President Obama's own words on Palestinian statehood are being used in a new radio ad airing in the Middle East even as the State Department announced Thursday that the U.S. would veto any bid for recognition in the United Nations of a new Palestine.
Thursday's announcement that the U.S. will veto an effort in the U.N. Security Council to give Palestinians their own country comes after Reuters reported that a new ad produced for the Palestinian Authority references remarks the president made in 2010 before the U.N. General Assembly.
At the time, Obama said: "When we come back here next year, we can have an agreement that can lead to a new member of the United Nations, an independent, sovereign state of Palestine living in peace with Israel."
In the ad, Palestinian Authority President Mahmoud Abbas says, "He must have meant it."
The president, though, has called for statehood to be determined as part of negotiations. And in the 2010 speech, Obama was talking about what could happen if both sides put aside "posturing" and "petty politics" and "draw upon the teachings of tolerance" to come together.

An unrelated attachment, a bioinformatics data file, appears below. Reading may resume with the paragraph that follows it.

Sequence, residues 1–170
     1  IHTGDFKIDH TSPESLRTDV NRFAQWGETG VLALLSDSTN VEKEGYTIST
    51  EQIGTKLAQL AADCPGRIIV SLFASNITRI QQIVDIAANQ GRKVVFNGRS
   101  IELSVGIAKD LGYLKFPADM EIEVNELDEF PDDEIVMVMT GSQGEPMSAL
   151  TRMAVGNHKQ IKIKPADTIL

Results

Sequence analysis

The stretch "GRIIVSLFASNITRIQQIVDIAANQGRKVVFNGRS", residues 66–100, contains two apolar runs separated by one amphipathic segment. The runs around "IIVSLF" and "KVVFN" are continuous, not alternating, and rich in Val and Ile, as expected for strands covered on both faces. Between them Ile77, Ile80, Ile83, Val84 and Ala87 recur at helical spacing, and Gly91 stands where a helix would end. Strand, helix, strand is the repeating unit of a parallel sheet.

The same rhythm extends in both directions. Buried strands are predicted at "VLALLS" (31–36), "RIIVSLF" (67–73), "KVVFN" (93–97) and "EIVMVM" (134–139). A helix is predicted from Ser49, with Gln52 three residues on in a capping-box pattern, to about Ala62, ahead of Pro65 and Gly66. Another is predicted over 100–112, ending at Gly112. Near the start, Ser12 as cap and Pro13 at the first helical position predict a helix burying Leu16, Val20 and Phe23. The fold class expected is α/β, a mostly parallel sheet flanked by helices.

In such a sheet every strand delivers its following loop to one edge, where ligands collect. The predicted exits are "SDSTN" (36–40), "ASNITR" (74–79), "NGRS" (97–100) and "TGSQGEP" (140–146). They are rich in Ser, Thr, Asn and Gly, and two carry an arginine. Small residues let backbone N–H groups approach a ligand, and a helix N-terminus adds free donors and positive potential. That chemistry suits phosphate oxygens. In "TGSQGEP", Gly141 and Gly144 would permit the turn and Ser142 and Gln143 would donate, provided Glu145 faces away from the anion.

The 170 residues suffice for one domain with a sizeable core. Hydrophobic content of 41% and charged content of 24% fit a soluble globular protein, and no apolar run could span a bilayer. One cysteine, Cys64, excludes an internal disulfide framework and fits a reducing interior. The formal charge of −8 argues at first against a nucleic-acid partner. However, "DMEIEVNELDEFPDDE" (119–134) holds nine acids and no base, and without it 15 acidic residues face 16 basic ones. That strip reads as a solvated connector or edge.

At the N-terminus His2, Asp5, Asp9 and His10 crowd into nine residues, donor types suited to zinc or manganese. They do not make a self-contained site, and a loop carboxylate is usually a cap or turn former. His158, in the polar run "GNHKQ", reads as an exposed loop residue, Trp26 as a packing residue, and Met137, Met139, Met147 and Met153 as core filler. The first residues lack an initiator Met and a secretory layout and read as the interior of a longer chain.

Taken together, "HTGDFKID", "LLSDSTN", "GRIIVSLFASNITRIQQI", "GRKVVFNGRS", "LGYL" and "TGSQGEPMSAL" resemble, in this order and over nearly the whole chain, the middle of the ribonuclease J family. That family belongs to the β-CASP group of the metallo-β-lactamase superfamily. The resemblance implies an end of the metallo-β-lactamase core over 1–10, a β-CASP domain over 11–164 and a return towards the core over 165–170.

Since that time, peace talks between Palestinians and Israel have broken apart; Israeli Prime Minister Benjamin Netanyahu pushed back on Obama's call to return to the pre-1967 borders; peace-talks partner Hosni Mubarak was ousted as president of Egypt; Palestinian ruling party Fatah and terror group Hamas have forged a unity government; and Palestinians coming through the Sinai Peninsula last month launched a string of attacks on Israelis.
Israel has long opposed the statehood push if it's done absent a result of negotiations, which include where Israel would redraw its borders.
The White House has been pushing hard against the upcoming vote, claiming the U.N. is not the correct avenue through which to seek statehood.
"The administration believes, as you know, that the Palestinians cannot achieve statehood through a U.N. mandate," White House Press Secretary Jay Carney said Sunday. "The only way to do that is through direct negotiations. And the administration has continued to urge both sides to negotiate a peace that will lead to Palestinian statehood."
A U.S. veto is about the only thing that would prevent a vote in the U.N. supporting a unilateral declaration of statehood for the Palestinians. If it were secured, an affirmative statehood vote in the General Assembly would give the Palestinians status as a non-member state.